Using 3D Printed Teeth for a Bacteria-Free Mouth

Using 3D Printed Teeth for a Bacteria-Free Mouth

By Shinji Tutoru

UNIVERSITY OF GRONINGEN, GRONINGEN, NETHERLANDS. A team developed an antimicrobial plastic that can be used in printing 3D teeth. This is a great innovation since existing implants can actually create more maintenance expenses due to bacterial damage. This new method can also get rid of foul-tasting plaster casts and even dirt.

Andreas Herrmann of the University of Groningen and his team developed an antimicrobial plastic that can be used in printing 3D teeth. In the US, millions of dollars are spent to repair or maintain dental implants. This innovation can save patients a lot of money when it comes to their oral hygiene.

An antimicrobial quaternary ammonium salts were ingrained by the team inside dental resin polymers. Since the salts are charged positively, they break up the negatively charged bacterial membranes that shatter and die in the process. The new material can kill bacteria on contact. In addition to that, they are not harmful to human cells.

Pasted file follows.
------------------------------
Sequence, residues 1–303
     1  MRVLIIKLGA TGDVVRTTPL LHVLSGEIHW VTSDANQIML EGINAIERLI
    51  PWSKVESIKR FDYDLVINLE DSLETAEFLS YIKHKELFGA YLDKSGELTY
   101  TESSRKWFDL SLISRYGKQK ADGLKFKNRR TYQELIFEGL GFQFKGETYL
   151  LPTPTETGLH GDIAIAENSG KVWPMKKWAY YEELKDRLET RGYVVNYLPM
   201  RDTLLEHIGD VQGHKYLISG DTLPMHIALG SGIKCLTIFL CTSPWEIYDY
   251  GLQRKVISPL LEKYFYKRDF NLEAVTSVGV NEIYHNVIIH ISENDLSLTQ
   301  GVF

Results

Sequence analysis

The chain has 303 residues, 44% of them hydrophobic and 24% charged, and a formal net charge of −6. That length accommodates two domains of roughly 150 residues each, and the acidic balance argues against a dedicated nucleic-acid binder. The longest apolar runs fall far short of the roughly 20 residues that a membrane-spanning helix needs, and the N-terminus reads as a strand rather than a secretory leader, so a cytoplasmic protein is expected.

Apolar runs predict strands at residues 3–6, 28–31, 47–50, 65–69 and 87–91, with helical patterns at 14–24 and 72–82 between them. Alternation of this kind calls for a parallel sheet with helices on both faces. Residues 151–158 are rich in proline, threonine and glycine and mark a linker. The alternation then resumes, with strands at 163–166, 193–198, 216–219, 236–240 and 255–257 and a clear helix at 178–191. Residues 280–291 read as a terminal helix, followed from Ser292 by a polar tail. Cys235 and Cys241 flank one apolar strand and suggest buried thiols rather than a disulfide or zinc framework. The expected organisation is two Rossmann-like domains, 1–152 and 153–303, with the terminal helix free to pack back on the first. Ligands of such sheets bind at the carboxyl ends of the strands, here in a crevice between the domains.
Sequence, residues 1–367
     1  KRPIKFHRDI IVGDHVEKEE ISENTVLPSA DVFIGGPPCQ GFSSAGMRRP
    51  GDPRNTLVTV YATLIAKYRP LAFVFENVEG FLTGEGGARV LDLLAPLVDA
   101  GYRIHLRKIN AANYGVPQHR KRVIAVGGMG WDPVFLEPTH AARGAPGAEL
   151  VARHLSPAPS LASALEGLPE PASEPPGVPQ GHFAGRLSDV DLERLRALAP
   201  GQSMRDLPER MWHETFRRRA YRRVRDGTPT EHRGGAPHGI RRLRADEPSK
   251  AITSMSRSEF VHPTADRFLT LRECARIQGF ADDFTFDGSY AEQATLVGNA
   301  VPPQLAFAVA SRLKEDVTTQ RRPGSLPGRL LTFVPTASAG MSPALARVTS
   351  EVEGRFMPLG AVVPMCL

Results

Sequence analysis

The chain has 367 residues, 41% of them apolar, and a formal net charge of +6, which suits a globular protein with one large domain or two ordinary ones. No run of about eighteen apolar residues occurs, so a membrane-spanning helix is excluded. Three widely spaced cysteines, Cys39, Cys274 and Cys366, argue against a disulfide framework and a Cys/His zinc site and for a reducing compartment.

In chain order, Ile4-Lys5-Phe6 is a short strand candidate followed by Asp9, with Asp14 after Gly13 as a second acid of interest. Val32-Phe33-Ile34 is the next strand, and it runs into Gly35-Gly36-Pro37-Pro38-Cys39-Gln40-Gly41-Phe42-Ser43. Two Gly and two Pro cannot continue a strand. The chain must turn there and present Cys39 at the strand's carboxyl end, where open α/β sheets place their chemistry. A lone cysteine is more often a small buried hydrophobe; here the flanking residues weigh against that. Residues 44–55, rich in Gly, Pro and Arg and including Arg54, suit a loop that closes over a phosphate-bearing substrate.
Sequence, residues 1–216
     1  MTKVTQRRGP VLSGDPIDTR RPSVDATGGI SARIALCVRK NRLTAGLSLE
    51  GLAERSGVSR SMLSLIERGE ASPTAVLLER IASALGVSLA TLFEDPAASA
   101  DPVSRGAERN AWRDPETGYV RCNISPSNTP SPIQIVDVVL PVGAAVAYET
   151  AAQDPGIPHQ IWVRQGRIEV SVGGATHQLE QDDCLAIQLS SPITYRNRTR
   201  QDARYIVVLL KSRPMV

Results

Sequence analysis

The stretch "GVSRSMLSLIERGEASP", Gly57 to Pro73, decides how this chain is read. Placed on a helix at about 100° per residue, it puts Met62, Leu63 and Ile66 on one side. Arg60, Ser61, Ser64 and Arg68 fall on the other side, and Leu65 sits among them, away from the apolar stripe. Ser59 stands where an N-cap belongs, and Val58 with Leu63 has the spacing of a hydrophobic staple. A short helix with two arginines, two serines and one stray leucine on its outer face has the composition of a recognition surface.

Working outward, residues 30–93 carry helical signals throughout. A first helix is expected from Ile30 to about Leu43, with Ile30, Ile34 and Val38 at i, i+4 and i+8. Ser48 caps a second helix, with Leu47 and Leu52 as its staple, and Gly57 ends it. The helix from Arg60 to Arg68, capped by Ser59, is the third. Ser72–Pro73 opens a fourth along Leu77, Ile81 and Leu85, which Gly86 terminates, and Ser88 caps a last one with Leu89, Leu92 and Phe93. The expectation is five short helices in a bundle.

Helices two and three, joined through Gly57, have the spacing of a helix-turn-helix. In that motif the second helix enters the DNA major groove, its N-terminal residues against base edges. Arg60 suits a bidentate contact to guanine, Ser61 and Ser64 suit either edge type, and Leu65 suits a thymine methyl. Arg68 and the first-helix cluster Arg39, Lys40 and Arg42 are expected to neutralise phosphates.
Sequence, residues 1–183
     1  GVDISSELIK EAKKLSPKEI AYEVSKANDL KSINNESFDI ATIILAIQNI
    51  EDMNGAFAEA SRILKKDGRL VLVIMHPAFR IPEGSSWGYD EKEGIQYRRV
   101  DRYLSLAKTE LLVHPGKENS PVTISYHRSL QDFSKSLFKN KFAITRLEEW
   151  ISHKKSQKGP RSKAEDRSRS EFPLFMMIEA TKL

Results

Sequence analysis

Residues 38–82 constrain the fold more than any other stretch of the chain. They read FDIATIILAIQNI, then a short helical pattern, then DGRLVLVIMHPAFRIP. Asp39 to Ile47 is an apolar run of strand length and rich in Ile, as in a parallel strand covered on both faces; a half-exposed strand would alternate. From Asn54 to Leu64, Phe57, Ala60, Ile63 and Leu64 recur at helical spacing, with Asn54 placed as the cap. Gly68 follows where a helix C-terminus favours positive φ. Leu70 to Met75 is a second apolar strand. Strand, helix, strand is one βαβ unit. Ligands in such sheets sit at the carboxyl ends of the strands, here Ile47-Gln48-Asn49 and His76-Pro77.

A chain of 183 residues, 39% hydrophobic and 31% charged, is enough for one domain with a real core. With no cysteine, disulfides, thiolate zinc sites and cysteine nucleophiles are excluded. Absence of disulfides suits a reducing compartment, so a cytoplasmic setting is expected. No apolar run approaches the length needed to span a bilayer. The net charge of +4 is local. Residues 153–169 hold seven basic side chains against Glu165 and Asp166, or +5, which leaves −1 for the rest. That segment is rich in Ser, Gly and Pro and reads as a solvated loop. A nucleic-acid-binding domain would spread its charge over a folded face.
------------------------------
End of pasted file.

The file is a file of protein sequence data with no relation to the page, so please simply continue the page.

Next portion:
The team lodged the mix in a 3D printer and hardened it with ultraviolet light. Then, they printed different dental objects like orthodontic braces and false/replacement teeth. They coated samples of the material in a mix of Streptococcus mutans (a bacterium that causes tooth decay) and saliva. The result was promising since the material killed over 99% of the bacteria. That was better compared to less than 1% for a controlled sample that did not have the salts.

More research and tests will be done to check if plastic is durable enough as a tooth replacement. The team will need to extend the samples in saliva and bacteria mix for more than 6 days. They also need to check the compatibility of the material with commercial toothpaste. Once these concerns are resolved, this new material can be rolled out to patients.

Invention Using 3D Printed Teeth for a Bacteria-Free Mouth
Organization University of Groningen
Researcher Andreas Herrmann & Team
Field(s) Advanced Functional Materials, 3D Printing, Dentistry, General Medicine
Further Information https://www.newscientist.com/article/dn28353-3d-printed-teeth-to-keep-your-mouth-free-of-bacteria/

Image courtesy of pixabay.com

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